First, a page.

Almaviva, whose first vintage was 1996, is one of Chile's more recent international joint venture projects, created by an alliance between Concha y Toro and Baroness Philippine de Rothschild of Mouton Rothschild in France. Joint ventures such as these were particularly commonplace in Chile a decade or so ago; there are currently more than 20 foreign alliances of one sort or another. Most of the foreign partners have been French, although there have been exceptions, notably Napa's Robert Mondavi and Marchese Piero Antinori of Tuscany, who both launched joint ventures with important Chilean wineries. (Mondavi partnered with Errazuriz and produced Seña in Chile's Aconcagua Valley; Antinori with Viña Haras de Pirque to create the Cabernet-Carmenère, Albis, in Maipo.) The Antinori/Viña Haras de Pirque partnership is in its fifth year, while Mondavi's dissolved in 2004; the ownership has reverted to Eduardo Chadwick, president of Errazuriz.
Although it's a relatively new project, Almaviva makes its wines from one of Chile's most legendary vineyards, Tocornal, the source of Chile's first truly great wine, Don Melchor. Concha y Toro contributed a piece of the Don Melchor vineyard (some 104 acres with an average vine age of 28 years) as part of the deal. Another Chilean winemaker confided to me that he thought this was a mistake on the part of Concha y Toro: "They knew it was a good vineyard, but I don't think they knew how great it was when they gave it up." A blend of Cabernet Sauvignon, Carmenère and Cabernet Franc, Almaviva is the product of "French sensibility and Chilean soil," according to its American-born, Bordeaux-trained winemaker Tod Victor Mostero. (Mostero also used the phrase savoir faire several times to describe his work—the first time I'd heard the phrase since my high school French class.)
Almaviva has been acclaimed as one of the best wines of Chile, although the Chileans themselves don't see much of it; the domestic market accounts for only about 8 percent of sales. At around $90 a bottle, it's quite expensive, but there are a growing number of Chilean wines in this lofty price category, including Altaïr, another new French-Chilean project between Bordeaux's Château Dessault and San Pedro, Chile's second largest winery.
Mostero and Almaviva U.S. export manager Diego Garay had prepared a tasting of Almaviva wines for me, beginning with the 1996 and ending with the 2003, only recently released. All were rich, powerful and concentrated, though the 1997, an outstanding Chilean vintage, was particularly impressive—still quite youthful with terrific acidity and bright, sweet fruit.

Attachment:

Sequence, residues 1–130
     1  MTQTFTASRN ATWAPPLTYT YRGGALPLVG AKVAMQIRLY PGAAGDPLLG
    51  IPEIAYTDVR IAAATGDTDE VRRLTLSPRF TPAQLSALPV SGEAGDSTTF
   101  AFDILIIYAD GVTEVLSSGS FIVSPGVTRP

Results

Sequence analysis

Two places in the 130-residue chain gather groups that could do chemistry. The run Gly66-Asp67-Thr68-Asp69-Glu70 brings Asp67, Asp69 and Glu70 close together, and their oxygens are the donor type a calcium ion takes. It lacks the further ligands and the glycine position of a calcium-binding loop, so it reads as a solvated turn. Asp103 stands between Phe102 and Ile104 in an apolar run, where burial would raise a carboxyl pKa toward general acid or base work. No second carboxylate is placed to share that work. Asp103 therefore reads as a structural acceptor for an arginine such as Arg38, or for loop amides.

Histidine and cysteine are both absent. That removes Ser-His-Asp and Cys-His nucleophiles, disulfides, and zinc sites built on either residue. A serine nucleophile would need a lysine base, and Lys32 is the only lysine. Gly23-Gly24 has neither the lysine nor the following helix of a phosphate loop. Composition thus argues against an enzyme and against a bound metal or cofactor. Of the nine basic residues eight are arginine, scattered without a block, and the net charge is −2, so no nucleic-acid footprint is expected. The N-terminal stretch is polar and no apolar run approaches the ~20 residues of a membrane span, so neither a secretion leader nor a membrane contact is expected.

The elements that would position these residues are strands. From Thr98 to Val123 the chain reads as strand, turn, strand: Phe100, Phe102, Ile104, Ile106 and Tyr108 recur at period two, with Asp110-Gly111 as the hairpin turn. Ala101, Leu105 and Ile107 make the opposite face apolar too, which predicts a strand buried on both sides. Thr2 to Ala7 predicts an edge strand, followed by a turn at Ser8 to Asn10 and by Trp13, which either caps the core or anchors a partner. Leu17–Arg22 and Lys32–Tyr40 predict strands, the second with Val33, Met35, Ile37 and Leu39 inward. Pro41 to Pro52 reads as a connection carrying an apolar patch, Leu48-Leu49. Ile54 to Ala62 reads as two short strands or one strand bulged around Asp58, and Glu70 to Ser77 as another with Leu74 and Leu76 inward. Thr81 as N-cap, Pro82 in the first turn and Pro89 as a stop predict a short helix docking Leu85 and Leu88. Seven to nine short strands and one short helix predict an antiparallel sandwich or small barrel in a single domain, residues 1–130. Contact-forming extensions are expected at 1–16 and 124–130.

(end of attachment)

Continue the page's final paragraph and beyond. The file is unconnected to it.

Did Mostero think Almaviva and wines with a similar savoir faire (and stiff price) would define Chile's reputation in years to come? Almaviva was "already there," he said, but he believed global recognition was still "at least five or six years away." Much of that, he added, "depends upon Chile." Again, the country itself was up for review.
Meanwhile, Concha y Toro's Marcelo Papa Cortesi argued that a specific varietal would secure Chile's standing in the world: Cabernet Sauvignon. "I believe people will think of three places when they think of Cabernet: Napa, Chile and Bordeaux," he said. His was an ambitious assertion, but also well representative of the confidence of the Chilean winemakers I met.
But what about Sauvignon Blanc? After all, I'd read that the price of Sauvignon Blanc grapes in Chile has surpassed all others, including Cabernet. Based on the quality-price ratio of the Sauvignon Blancs I'd tasted in the past year, it seemed like Sauvignon Blanc might be a grape to stake Chile's future on too.
Papa Cortesi nodded amiably. It was true, Chile could make good Sauvignon Blanc, but Cabernet, he repeated, would put Chile on the map. And as if to prove his point, Papa Cortesi bought out the all-Cabernet, Don Melchor. First produced in 1987, Don Melchor is highly regarded but not particularly well known in the States, although much of it is exported here. Made in a beautifully balanced, restrained style, it's less powerful than the concentrated, highly extracted joint-venture wines, more classically Bordeaux in style yet arguably even more Chilean, given that it's made from some of the country's best Cabernet vines. Papa Cortesi presented me with two vintages, the 1993 and the soon-to-be-released 2003. The 1993 was still wonderfully vibrant and bright, close to its peak but aging well, while the 2003, though still young, showed considerable promise.